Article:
Review of Sticky Fingers by Joe Hagan


2017-12-31

"Sticky Fingers: The Life and Times of Jann Wenner and Rolling Stone Magazine" by Joe Hagan

This is a thoroughly enjoyable set of stories circling around rock & roll characters: their last gasps and their last gropes. Despite being captivated all 500 pages, I hate it. In some ways, I want to burn my copy and never look back. I think if you ever wanted to crush the seeming importance of rock and roll, this novel could do it.

I kept a list of questions while this waxed both poetic and apologetic. Based on a count of post-it notes, there are about 30 questions left unanswered and at one point my post-its fell under my bed and I was too lazy to pick them up until I also threw the book on the ground in rage.

This biography gets so many things right. It's a riveting network of musical characters, power, royalty, and capitalism. But given that this starts in the middle, post-Beatles and ignores many of the origin stories, musicians are mentioned 200 pages ago and not involved until 200 pages later. It's like Leo Tolstoy is recreating War & Peace with the history of rock music.

Seemingly tangental at first is Jann Wenner's closeted homosexuality. Which transgresses between exploratory, creepy, and downright predatory. As a fanboy and owing the start of his career to Jann Wenner, Joe Hagan spends a lot of time reading homosexuality into the idealism & sexualized masculinity that seemingly started the magazine to every decision Wenner would make. I found this extended interpretation uncomfortable.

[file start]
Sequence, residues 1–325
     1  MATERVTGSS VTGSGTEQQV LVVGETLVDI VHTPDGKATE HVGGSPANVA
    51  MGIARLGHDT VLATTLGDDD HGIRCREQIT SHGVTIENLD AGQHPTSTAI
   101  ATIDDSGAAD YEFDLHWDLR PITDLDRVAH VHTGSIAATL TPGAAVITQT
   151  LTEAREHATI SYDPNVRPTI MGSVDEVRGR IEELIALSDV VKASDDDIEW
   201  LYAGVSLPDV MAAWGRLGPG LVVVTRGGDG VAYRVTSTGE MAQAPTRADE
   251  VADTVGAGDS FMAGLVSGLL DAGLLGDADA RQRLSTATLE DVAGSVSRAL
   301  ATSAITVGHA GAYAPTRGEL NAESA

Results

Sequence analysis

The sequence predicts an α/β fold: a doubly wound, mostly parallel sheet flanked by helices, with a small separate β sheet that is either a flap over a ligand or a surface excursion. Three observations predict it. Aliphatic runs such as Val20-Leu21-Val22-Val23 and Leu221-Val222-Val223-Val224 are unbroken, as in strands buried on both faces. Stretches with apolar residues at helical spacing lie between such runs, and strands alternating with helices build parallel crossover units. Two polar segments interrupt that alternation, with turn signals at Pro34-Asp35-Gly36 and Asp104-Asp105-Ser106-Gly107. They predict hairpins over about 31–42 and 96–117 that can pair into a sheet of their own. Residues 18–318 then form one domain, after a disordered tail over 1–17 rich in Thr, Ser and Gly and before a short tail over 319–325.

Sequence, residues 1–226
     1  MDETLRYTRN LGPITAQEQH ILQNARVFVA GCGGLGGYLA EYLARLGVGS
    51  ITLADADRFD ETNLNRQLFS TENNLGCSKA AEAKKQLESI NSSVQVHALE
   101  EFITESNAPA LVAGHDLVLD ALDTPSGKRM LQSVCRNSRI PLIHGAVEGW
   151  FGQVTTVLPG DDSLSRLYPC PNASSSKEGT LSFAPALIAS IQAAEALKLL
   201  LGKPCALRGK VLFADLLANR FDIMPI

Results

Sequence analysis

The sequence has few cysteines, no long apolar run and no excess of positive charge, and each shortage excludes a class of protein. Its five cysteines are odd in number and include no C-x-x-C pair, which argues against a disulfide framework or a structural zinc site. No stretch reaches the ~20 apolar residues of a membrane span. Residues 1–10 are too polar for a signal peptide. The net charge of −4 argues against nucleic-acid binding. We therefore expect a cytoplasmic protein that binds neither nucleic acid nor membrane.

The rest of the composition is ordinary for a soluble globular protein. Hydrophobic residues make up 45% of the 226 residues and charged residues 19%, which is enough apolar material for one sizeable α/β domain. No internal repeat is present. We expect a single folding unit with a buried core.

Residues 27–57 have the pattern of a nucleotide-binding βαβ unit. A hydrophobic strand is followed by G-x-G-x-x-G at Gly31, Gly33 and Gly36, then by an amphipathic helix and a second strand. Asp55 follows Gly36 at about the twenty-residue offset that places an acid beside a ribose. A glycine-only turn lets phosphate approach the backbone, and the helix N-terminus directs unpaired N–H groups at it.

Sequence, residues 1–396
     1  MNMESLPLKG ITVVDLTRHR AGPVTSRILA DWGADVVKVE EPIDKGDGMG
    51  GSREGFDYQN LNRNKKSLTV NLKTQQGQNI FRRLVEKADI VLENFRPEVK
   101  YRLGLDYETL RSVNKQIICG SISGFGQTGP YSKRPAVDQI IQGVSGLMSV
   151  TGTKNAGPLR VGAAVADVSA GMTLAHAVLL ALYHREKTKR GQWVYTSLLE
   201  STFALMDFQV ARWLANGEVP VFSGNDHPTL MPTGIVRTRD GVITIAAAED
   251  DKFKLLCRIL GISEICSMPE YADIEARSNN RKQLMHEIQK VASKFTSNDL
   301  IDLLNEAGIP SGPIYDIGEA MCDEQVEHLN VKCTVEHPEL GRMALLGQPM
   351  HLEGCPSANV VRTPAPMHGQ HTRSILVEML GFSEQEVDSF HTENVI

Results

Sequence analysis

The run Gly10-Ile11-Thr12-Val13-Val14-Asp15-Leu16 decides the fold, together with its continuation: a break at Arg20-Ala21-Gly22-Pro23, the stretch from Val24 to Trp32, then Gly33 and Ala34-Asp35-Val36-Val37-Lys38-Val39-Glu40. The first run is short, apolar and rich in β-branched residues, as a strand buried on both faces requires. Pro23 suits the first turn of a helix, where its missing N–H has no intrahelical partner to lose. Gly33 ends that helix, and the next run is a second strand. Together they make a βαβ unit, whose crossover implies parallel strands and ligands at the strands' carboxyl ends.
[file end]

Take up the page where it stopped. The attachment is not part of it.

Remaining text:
For a man who profited off the slaughter or suicide of musicians and politicians, the magazine (and probably all related media) has an unsettlingly social climbing relationship with the shooting of John Lennon & John Kennedy and suicide of Hunter S. Thompson. Not to mention the numerous band breakups, career endings, and drug overdoses that extend into the outer reaches of a network centered around Jann Wenner.

In the end, only two pages directly discuss the depiction, inclusion, and influence of female artists at Rolling Stone magazine. Sandwiched into a brief discussion of the movie Almost Famous based on Cameron Crowe's coverage of Led Zeppelin for Rolling Stone. Without drawing attention to it, we realize that the fictional staff writer quipping about not being okay with the band referring to women as “chicks” is actually a quote about Rolling Stone’s portrayal of women by rock writer Ellen Willis (who refused to write for the magazine for several years) calling it “viciously anti-woman” (1970). “Rolling Stone habitually refers to women as chicks and treats us as chicks, i.e. interchangeable cute fucking machines.” ... “What they want is more bread and circuses; I like to have fun too, but what I really want is an end to my oppression.” At the end of the two pages, this position seems to be dismissed by the biographer.

The ultimate question, given media mogul similarity to William Randolph Hearst, is what his ‘rosebud’ might be. In the last few pages, Jann Wenner is hospitalized and believes he is dying. Bruce Springsteen delivers a mixed tape for him. I’m not convinced he’s ever played that tape or cared about the last 50 years of rock and roll history which, unfortunately, he helped define.